What happened

Shares of Advanced Micro Devices (AMD -2.38%) soared on Thursday after the company launched its second-generation EPYC server processors. Alphabet subsidiary Google and Twitter both announced that they had or were planning to deploy the new chips, adding to AMD's customer list. As of 1:30 p.m. EDT, the stock was up 16.5%.

So what

AMD's second-generation EPYC family of server processors are built on the same 7-nanometer manufacturing process as the company's latest Ryzen PC CPUs and Navi-based GPUs. The new EPYC chips feature as many as 64 cores based on the Zen 2 architecture, ranging in price from $450 to $6,950.

An AMD EPYC chip.

Image source: AMD.

Reviewers at Anandtech found that the 64-core variant offered 50% to 100% better performance and a 40% lower price than the comparable server chip from Intel. From Anandtech's review:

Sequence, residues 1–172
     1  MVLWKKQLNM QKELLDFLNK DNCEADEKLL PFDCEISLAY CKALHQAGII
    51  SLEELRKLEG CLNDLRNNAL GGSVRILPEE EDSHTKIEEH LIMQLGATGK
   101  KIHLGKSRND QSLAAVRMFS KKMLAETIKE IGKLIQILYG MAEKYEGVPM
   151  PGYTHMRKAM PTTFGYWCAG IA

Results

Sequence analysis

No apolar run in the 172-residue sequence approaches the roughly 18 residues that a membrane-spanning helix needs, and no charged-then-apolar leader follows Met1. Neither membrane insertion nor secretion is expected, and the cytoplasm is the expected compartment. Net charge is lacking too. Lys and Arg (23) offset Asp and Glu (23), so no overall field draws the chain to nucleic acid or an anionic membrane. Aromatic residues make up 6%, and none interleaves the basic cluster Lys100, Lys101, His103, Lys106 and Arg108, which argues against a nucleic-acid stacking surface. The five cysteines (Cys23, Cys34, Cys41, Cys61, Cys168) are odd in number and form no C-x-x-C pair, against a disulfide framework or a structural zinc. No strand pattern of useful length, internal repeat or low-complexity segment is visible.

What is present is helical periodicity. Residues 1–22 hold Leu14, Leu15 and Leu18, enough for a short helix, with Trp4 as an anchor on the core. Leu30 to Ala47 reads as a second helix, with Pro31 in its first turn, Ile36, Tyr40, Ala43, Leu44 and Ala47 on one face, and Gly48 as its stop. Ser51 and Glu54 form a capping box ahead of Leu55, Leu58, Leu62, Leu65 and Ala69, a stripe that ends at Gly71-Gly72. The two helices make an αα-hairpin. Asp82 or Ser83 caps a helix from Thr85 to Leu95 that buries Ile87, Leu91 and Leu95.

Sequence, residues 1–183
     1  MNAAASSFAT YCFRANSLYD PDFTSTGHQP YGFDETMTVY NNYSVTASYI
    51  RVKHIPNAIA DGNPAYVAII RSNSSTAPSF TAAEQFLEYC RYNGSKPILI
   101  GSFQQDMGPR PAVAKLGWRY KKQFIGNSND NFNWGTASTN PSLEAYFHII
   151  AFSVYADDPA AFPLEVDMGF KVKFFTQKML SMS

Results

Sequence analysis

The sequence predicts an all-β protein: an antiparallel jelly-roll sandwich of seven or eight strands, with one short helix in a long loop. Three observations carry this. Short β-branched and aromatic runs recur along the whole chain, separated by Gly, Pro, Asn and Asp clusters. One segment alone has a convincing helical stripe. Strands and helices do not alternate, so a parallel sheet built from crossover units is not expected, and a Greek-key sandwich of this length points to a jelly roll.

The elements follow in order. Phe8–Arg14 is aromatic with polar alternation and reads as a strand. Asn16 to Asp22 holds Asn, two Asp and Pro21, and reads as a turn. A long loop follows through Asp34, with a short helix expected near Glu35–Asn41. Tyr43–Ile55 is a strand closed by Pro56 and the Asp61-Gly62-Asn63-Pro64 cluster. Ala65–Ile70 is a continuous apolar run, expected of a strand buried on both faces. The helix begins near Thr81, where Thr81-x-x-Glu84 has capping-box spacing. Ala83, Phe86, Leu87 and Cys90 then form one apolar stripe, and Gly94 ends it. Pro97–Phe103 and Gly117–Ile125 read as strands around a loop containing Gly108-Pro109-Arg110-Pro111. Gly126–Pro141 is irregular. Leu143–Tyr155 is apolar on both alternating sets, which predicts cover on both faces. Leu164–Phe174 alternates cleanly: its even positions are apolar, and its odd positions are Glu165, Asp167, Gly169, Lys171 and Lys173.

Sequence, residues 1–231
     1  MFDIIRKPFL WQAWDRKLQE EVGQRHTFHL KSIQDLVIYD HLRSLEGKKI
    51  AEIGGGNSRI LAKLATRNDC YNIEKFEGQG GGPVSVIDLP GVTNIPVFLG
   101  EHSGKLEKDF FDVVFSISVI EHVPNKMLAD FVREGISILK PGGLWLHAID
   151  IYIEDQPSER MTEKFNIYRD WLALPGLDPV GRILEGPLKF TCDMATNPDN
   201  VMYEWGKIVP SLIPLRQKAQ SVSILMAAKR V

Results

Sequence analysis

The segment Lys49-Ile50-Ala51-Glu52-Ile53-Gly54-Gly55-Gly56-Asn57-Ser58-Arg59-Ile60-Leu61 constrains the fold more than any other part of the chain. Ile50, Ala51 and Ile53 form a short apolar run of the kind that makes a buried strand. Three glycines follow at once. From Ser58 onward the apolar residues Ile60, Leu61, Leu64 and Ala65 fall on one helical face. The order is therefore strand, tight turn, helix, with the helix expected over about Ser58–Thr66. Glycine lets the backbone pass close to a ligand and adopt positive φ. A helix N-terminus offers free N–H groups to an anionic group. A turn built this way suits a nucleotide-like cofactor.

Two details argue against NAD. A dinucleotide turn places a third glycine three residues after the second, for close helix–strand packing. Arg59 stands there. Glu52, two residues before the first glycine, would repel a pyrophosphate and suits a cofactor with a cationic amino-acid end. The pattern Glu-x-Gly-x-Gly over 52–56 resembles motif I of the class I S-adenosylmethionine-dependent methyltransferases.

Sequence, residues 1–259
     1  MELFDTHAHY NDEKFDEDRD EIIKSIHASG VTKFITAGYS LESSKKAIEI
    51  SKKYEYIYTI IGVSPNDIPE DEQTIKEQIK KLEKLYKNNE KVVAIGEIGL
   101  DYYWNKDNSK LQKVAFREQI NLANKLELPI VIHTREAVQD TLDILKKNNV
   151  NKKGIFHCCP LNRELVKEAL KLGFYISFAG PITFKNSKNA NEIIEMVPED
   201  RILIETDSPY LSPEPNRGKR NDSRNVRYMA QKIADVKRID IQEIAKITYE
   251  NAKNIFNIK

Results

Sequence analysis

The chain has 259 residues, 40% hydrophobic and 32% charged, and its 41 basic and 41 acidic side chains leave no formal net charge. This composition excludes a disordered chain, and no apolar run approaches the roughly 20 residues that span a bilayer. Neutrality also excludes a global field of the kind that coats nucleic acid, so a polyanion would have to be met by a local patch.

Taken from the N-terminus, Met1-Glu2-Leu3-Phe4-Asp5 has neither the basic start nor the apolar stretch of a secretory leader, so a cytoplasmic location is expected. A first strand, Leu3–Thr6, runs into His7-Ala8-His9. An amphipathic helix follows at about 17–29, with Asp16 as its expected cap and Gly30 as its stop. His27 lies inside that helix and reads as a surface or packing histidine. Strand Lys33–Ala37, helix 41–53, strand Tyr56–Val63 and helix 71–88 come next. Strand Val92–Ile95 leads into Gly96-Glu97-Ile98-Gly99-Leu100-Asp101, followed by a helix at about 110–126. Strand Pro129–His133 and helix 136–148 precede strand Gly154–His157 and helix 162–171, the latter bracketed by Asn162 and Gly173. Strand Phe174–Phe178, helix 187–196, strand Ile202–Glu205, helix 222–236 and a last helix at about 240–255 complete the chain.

So has AMD done the unthinkable? Beaten Intel by such a large margin that there is no contest? For now, based on our preliminary testing, that is the case.

At AMD's launch event, Google announced that it had deployed the new EPYC chips in its internal production data center environment, and that it planned to offer virtual machines powered by EPYC on Google Cloud in late 2019. Twitter announced that it expected to cut total cost of ownership by 25% by deploying these new EPYC chips later this year.

Now what

Even after launching the first generation of EPYC chips in 2017, AMD remains a small player in the server chip market. The company had a 3.4% share of the x86 server CPU market at the end of the second quarter, according to Mercury Research, leaving Intel with the rest.

AMD's second-generation EPYC has the potential to be a game changer for the company, although Intel could blunt the impact by cutting prices for its largest customers. AMD winning market share looks like a sure thing given the performance and value of EPYC, but it may take multiple years for AMD's comeback to fully play out.